Limiting poorly digested carbs called FODMAPS may help ease irritable bowel syndrome
05/22/13 02:55 PM
Loc: Seattle, WA
Limiting FODMAPS may help ease irritable bowel syndrome
By Kate Scarlata, R.D., L.D.N., Environmental Nutrition Newsletter Premium Health News Service
4:30 a.m. CDT, May 22, 2013
Some foods, from beans to sugar-free gum, contain carbs called FODMAPs, which may trigger symptoms if you have irritable bowel syndrome.
FODMAPs are a group of carbohydrates known to contribute to IBS symptoms, including gas, bloating, abdominal pain, diarrhea and/or constipation. The FODMAP family includes:
1. Lactose, found in milk and milk products
2. Fructose, when found at higher levels in foods than glucose, such as the case in apples, pears, honey and agave syrup
3. Fructans, found in foods like wheat, onion and garlic
4. Galacto-oligosaccharides (GOS,) found in beans, lentils and soybeans
5. Polyols, such as sorbitol and mannitol, found in fruits such as cherries, apricots, and apples, and a sweetener added to sugar-free gum and mints
A low FODMAP diet can help manage the symptoms of irritable bowel syndrome (IBS,) a condition that afflicts one out of five people in the U.S. The low FODMAP diet was first described in 2005 by researchers from Australia's Monash University; since then, evidence is mounting on the diet's effectiveness in managing IBS.
Unlike simply limiting lactose or sorbitol consumption to minimize IBS distress, the low FODMAP diet reduces all poorly absorbed FODMAPs as they cumulatively impact symptoms.
Why low FODMAP?
A 2006 study in Journal of the American Dietetic Association found that 75 percent of IBS patients who followed a low FODMAP diet noted symptom improvement. In a follow up study, those with improvement in IBS symptoms experienced exacerbation of symptoms when the FODMAPs, fructose or fructans, were reintroduced (Clinical Gastroenterology Hepatology, 2008.)
In a 2011 study in the Journal of Human Nutrition and Dietetics, researchers found the low FODMAP diet conferred 86 percent better symptom response than traditional IBS diet therapy.
People with Crohn's disease and ulcerative colitis may also benefit from a low FODMAP diet. A study in the Journal of Crohn's and Colitis in 2009 evaluated the effectiveness of a low FODMAP diet in individuals with these disorders, and found that overall abdominal pain, bloating, gas and diarrhea improved.
How do FODMAPs impact IBS symptoms?
When people have problems absorbing FODMAPs, extra water is drawn into their intestines, contributing to diarrhea. In addition, these carbohydrates are fermented by intestinal bacteria, causing gas. In a 2010 study in Alimentary Pharmacology Therapeutics, researchers evaluated stool output in a small group of individuals who required an ileostomy bag, finding that water content in their ileostomy bag increased by 20 percent on a high FODMAP diet compared to a low FODMAP diet.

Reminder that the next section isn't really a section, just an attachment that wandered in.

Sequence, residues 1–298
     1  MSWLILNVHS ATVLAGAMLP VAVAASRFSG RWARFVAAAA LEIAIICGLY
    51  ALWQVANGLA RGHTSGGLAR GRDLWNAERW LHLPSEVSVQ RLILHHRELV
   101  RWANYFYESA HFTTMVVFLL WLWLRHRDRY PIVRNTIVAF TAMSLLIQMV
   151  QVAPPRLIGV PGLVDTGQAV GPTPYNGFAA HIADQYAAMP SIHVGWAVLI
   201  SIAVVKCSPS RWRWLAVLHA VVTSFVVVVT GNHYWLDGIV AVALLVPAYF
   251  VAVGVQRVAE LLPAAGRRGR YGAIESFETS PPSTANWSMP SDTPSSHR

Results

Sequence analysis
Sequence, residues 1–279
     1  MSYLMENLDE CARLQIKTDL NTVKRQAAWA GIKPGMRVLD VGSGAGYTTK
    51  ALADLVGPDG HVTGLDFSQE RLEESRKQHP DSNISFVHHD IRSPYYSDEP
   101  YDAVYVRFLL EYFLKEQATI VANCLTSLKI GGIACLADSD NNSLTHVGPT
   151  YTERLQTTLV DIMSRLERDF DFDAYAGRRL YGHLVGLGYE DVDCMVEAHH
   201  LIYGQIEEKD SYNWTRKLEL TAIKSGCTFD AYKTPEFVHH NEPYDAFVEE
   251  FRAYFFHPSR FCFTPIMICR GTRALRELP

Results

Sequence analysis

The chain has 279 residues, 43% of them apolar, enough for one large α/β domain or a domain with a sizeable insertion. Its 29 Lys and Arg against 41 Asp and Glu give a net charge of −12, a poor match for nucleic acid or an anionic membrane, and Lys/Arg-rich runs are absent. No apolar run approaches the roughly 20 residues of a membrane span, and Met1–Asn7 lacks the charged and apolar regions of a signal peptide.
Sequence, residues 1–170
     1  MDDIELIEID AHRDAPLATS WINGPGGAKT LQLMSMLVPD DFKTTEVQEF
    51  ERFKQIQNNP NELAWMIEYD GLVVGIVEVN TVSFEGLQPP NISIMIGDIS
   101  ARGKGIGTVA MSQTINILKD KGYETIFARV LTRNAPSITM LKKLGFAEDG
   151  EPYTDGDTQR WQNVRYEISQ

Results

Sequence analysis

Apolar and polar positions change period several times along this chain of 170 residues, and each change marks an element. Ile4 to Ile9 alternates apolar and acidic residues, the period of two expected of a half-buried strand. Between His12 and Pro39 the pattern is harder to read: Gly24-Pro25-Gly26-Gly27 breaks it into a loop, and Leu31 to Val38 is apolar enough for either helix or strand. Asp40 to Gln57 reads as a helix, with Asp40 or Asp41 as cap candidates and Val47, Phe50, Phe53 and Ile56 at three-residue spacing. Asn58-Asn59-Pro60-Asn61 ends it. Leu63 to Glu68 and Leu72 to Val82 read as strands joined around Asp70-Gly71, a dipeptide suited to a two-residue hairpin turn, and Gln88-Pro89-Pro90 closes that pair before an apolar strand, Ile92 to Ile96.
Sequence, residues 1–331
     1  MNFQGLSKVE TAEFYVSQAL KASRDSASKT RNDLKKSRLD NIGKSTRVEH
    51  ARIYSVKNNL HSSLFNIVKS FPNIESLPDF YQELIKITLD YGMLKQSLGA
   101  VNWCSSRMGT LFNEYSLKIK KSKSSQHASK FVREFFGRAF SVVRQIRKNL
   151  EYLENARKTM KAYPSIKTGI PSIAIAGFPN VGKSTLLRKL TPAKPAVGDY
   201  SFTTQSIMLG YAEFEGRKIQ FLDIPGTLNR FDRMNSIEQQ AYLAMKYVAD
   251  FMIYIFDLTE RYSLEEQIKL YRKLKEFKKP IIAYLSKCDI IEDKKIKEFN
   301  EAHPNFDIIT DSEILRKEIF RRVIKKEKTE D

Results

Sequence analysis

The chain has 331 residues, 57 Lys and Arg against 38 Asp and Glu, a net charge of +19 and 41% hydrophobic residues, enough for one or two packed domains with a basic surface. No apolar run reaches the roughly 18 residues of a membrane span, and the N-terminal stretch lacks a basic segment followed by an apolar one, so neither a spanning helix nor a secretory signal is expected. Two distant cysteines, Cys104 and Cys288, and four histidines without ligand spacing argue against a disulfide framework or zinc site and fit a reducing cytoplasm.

Scientists also demonstrated that intestinal gas levels increase in both healthy individuals and those with IBS following a high FODMAP diet, with higher levels among those with IBS (Journal of Gastroenterology Hepatology, 2010.)
Who can't handle FODMAPs?
Everyone, whether they have IBS or not, may have some problems absorbing FODMAPs. Humans lack the enzymes to break fructans and GOS into digestible sugars. And lactose is malabsorbed in people who are lactose-intolerant and lack the intestinal enzyme lactase. Fructose is malabsorbed in 30 percent to 40 percent of individuals, likely because of its slow absorption in the intestine.
Fructose is best absorbed when glucose is also present in a similar amount in the food, such as is found in fruits like bananas, cantaloupe and grapes. Polyols are large sugar molecules that are poorly digested by most people.
Not all individuals will malabsorb all FODMAPs. If you have IBS, it's a good idea to see a health care professional, who can determine (through a breath test) whether you malabsorb fructose or lactose.
People with adequate absorption of these carbohydrates will not need to restrict them. Individuals with IBS seem to be more vulnerable to the aftermath of poorly digested FODMAPs, perhaps because of the greater amount of gas produced in their intestine, or because the disordered movement of their intestine traps gas and fluid.
How to start a FODMAP diet?
If you suffer from IBS, you may want to consider trying an elimination diet, in which all FODMAP food sources are removed from your diet for two to six weeks. Then foods from each FODMAP group are re-introduced methodically to identify which ones trigger symptoms, so that you're not avoiding all FODMAPs unnecessarily.
Due to the complexity of the low FODMAP diet, it may be helpful to consult a registered dietitian knowledgeable with this diet.
(Reprinted with permission from Environmental Nutrition, a monthly publication of Belvoir Media Group, LLC. 800-829-5384. http://www.EnvironmentalNutrition.com.)
Copyright © 2013, Tribune Media Services
Heather is the Administrator of the IBS Message Boards. She is the author of Eating for IBS and The First Year: IBS, and the CEO of Heather's Tummy Care. Join her IBS Newsletter. Meet Heather on Facebook!